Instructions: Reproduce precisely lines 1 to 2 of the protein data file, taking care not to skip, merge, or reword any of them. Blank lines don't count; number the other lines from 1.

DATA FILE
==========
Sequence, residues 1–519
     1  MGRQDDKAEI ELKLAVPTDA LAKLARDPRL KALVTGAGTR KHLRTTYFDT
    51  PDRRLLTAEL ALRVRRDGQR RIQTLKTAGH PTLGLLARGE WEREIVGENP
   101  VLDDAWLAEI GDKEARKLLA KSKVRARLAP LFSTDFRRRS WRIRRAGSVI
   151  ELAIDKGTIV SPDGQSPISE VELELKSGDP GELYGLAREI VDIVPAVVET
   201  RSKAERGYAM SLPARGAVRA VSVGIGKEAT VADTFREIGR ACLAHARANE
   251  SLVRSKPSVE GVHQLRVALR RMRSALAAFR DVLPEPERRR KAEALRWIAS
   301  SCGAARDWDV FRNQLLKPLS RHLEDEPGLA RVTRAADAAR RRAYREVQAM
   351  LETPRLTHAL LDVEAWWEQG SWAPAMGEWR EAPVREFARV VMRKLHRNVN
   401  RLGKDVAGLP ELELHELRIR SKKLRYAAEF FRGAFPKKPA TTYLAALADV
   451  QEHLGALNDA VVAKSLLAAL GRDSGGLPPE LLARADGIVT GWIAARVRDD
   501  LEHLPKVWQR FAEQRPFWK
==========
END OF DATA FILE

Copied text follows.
Sequence, residues 1–519
     1  MGRQDDKAEI ELKLAVPTDA LAKLARDPRL KALVTGAGTR KHLRTTYFDT